Which aged care service is suitable for Australian Chinese? Do you need to sell your house when you live in a nursing home?

Australia has always been known as a paradise for the elderly, and various aged care methods have been well developed here. However, the sayings “live in a nursing home you must sell a house” or “live in a nursing home you must confiscate your pensions” and so on, are widely circulated in the Chinese community. I believe that many friends lack a comprehensive understanding of Australia’s aged care service. How the elderly in Australia chooses a suitable way of aged care?


Two aged care services are familiar to Chinese elders:

Option 1: Facilities such as a Nursing home

Option 2: Home Care

We will not arbitrarily say which method is good and which method is bad. But this article will analyse trends from the Australian government.


In the 2021-2022 Federal Government Budget, 80,000 HCP positions will be provided. This can also clearly explain the trend of government resources.

Why is the government encouraging home care for the elderly? The reasons are as follows:


1) Familiarity with your environment.

Adapting to a new environment can be difficult for older people, particularly when the furnishings or objects in their own homes are familiar.

Chinese people have the culture of “being attached to native land and unwilling to leave it.”. I believe many readers would not like to suddenly change their living environment in their retired life and live in an unfamiliar environment.

2) Fixed team and continuity of care.

Aged Care Quality Standards, the consistency of care staff and nursing team has been repeatedly emphasised. For home care, most team members are fixed, which will maintain the service quality.

3) Faster application

If you apply for a Home Care Package, the longest waiting period is about one year, but to wait for a suitable nursing home may mean three to five years of wait time, or in some cases even longer.

4) Transformation of care methods.

Traditionally, for dementia or Alzheimer patients, the only way for them to continue living safely was in a nursing home. However, with the launch of the self-management model of Happy Living, with low management fees, low service rates, and the assistance of their children, many elderly people with Level 3- Level 4 subsidies have 20 hours or more per week. The number of service hours means children and care staff take alternate shifts. Therefore, the elderly with higher care are able to live at their own home with Home Care Package.


Is it true that “to live in a nursing home you need to sell a house” or “to live in a nursing home , government will take pensions away” and so on?

We need to explain a cost, which is the “means-tested care fee” for a nursing home. This is very different from the “income test fee” for a Home Care Package.

The income test for a Home Care Package depends only on how much money you earn, not how many assets you have.

It mainly involves the assessment of your income, which means that only income is considered, not assets. For example, if there are deposits, the government will only count interest income; if there are houses, the government will only count rental income; if there are stocks, the government will only count stock income. And most importantly, there is a cap or limit on the income test fee where you would only need to pay a maximum $30 AUD a day.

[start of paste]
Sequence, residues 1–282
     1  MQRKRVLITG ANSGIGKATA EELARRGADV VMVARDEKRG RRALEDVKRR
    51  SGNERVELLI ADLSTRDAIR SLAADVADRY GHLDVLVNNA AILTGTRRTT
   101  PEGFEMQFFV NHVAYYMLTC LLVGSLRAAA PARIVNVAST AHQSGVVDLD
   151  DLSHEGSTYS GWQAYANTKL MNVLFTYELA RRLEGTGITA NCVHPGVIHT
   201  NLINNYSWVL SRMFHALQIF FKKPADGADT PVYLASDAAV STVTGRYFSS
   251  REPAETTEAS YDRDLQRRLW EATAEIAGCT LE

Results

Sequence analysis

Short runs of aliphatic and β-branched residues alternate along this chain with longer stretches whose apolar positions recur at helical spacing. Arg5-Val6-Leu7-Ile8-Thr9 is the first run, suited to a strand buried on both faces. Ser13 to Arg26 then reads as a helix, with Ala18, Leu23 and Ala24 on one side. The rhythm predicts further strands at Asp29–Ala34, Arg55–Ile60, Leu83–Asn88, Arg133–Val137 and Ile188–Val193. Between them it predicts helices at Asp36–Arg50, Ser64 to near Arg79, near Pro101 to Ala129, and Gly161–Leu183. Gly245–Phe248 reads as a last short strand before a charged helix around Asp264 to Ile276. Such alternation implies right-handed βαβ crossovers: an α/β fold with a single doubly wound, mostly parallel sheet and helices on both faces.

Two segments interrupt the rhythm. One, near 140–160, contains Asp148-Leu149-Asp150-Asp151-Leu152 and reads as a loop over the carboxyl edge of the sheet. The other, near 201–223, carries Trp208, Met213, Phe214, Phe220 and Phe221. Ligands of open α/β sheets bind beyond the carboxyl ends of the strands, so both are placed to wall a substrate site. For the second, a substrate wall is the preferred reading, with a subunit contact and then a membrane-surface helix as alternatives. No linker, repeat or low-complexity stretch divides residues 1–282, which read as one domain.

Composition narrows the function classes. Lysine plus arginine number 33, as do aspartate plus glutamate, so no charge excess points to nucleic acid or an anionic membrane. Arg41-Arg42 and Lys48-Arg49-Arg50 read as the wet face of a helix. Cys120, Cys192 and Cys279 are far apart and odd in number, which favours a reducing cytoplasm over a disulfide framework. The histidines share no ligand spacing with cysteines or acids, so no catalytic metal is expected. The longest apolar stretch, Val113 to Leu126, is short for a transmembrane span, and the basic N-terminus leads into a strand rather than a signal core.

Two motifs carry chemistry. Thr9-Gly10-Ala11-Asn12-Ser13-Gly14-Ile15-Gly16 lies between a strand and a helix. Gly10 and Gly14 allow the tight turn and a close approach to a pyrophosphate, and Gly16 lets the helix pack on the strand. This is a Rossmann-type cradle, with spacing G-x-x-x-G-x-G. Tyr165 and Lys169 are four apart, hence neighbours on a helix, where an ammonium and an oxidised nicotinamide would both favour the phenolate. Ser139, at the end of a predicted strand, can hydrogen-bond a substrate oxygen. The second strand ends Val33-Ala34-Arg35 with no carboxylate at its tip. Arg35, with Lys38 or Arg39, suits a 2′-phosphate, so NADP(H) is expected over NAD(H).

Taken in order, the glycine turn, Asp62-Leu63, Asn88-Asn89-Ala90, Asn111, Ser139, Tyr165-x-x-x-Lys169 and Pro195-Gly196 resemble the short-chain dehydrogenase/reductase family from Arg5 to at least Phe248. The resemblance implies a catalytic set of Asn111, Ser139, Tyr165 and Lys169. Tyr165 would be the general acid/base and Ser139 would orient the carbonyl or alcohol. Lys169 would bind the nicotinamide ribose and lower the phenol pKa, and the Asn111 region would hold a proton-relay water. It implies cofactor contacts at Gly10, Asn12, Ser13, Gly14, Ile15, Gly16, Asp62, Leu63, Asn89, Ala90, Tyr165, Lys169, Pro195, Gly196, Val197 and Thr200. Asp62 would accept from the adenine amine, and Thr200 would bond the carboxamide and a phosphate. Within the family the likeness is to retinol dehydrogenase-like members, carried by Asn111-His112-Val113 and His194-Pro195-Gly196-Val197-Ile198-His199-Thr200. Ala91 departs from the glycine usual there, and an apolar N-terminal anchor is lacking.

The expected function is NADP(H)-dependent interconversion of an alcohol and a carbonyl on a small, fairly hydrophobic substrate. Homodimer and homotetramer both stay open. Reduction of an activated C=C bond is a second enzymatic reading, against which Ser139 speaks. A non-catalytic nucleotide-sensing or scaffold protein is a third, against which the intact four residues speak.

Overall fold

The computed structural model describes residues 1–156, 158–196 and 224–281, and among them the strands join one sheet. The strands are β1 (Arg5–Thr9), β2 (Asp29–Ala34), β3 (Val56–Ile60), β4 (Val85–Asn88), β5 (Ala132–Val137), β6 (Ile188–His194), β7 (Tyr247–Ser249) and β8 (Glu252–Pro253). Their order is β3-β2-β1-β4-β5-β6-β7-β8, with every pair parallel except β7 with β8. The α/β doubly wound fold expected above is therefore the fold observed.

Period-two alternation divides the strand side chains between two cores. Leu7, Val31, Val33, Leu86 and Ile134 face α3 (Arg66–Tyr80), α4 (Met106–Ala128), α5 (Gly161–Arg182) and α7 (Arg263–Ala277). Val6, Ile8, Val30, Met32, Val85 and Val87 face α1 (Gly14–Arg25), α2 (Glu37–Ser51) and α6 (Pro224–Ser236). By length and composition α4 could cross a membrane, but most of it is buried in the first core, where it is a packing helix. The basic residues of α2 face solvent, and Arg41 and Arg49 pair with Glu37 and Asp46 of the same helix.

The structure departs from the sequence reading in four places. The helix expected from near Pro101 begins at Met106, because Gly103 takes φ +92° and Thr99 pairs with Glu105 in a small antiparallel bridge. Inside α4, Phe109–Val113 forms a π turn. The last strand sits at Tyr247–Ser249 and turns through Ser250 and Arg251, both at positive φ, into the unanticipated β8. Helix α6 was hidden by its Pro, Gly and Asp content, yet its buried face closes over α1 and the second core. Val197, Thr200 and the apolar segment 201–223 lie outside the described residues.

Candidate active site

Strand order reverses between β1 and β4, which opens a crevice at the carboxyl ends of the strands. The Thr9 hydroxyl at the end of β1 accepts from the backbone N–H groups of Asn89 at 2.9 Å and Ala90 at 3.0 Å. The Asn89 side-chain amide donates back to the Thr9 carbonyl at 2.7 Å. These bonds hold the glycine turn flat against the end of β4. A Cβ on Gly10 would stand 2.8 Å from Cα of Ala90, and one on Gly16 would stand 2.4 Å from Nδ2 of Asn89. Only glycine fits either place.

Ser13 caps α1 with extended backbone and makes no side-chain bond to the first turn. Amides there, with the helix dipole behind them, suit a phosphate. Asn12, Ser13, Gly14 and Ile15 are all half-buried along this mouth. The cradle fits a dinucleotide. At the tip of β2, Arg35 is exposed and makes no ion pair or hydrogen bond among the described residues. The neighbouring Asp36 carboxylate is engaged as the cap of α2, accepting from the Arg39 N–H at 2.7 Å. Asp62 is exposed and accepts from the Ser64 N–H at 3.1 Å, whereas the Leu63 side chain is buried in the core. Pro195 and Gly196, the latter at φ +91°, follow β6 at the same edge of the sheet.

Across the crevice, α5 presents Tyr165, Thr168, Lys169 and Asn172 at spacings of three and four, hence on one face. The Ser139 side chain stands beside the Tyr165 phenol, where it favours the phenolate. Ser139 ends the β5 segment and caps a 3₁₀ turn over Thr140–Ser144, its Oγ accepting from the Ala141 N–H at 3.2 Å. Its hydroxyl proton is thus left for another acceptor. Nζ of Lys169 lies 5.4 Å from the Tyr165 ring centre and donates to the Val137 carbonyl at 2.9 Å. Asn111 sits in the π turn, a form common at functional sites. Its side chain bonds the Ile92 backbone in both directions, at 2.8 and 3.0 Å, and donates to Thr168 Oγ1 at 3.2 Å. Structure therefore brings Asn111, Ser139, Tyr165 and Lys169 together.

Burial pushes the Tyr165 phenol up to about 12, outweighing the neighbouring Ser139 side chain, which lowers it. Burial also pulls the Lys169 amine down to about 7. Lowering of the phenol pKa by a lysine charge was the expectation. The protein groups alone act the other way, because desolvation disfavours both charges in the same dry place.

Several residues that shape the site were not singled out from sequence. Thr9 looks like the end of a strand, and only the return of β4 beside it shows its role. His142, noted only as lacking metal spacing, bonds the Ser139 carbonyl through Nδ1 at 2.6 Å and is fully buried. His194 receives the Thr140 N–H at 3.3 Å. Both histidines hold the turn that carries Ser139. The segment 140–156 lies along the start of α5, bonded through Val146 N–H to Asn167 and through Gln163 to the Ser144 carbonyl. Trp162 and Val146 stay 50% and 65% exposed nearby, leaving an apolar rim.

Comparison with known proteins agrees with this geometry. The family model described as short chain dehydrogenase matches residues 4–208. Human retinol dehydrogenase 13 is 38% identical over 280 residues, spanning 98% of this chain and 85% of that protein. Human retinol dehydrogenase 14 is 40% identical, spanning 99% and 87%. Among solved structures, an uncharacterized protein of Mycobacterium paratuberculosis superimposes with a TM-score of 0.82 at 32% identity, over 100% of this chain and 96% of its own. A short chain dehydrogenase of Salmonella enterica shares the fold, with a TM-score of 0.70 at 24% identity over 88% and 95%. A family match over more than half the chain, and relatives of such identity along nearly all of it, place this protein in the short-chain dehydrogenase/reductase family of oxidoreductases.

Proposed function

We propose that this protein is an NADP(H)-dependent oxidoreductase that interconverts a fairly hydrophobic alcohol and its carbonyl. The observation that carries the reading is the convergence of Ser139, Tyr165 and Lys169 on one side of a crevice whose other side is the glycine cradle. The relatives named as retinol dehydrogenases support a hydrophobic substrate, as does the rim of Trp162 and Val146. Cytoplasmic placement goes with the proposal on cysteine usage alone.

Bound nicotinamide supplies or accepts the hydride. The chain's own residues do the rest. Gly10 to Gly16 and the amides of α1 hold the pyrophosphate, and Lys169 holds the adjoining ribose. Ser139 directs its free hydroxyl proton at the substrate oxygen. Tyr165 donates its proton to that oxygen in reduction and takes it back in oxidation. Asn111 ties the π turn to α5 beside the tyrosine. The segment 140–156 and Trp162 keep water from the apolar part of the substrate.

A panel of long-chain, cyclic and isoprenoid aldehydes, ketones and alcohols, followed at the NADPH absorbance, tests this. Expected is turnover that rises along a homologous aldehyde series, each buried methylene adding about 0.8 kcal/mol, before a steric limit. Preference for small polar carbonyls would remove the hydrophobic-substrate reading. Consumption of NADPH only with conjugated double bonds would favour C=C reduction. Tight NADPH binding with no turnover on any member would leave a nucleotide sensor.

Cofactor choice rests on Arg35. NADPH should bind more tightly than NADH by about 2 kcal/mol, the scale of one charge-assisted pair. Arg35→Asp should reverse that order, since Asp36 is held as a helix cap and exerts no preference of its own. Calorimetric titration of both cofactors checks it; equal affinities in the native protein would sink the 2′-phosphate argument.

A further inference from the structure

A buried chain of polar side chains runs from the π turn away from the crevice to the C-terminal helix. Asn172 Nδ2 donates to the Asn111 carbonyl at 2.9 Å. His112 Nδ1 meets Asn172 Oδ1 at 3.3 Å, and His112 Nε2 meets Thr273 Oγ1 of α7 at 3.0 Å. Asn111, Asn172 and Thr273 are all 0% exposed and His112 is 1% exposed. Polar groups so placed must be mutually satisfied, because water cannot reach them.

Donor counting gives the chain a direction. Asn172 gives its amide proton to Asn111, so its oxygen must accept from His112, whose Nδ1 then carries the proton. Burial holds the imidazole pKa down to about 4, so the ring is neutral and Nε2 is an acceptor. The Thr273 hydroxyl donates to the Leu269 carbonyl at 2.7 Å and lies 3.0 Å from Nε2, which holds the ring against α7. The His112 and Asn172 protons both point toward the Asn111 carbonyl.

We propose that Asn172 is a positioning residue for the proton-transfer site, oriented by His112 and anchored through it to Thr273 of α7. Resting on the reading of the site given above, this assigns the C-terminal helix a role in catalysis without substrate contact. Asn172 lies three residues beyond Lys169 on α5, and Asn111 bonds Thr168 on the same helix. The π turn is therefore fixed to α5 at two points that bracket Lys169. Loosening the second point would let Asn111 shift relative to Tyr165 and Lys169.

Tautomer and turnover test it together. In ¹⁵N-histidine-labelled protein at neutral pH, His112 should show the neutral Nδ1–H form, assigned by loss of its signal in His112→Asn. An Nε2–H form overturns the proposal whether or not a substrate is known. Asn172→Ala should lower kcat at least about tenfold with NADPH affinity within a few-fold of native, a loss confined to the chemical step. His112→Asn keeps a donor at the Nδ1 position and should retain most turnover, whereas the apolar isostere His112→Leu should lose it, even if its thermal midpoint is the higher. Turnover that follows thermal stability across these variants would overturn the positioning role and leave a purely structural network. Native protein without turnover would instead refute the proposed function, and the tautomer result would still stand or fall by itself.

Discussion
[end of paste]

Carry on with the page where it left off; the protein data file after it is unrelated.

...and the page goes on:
The assessment of nursing homes is completely different. How much money you earn and assets are both counted.

The assessment of nursing homes is not only calculating the income of the elderly, but also considers the domestic and foreign assets of the elderly. Including house value, investment product total value, income appraisal, etc., you may need to pay means-tested care fee of up to $300 AUD per day.

In addition, the average bond for a nursing home is around $300,000, If you choose a nursing home in a busy urban area, the fee may be as high as $1 million. Of course, this is a refundable bond.

Therefore, in general, many elders will have a feeling that “you need to sell a house if you live in a nursing home.”


For elders with higher care needs, can HCP provide enough support?

In most cases, a Home Care Package is a senior care allowance, which can provide adequate support.

Case study:

Happy Living has a couple clients, both in their 90s who are living in Sydney. Both of them hold Level 4 packages and suffer from dementia at the same time. With Happy Living’s services, both husband and wife have overcome the epidemic safely, and have also been greatly improved in terms of mentality and overall health.

We once interviewed the couple and their daughter and asked why they chose to live at home, instead of a nursing home, and also chose Happy Living.

Their answer was:

1) Happy Living offers the self-management model. The couple has about 48 hours of service hours a week. On average, there are more than 8 hours a day. Therefore, their care worker and daughter can take alternate shifts. The daughter is able work and care for her family.

2) The care staff provide full-time care, the staff only change twice in 2 years’ service.

3) The Care Managers at Happy Living are either registered nurses or from the age care industry. They can identify the precursor symptoms of dementia when chatting with the elderly. And provide advice about when to see a doctor.

We believe that through this case, there will be greater enlightenment for some older people with higher care needs. I also hope that readers can make their own age care choices based on their own economic conditions and health conditions.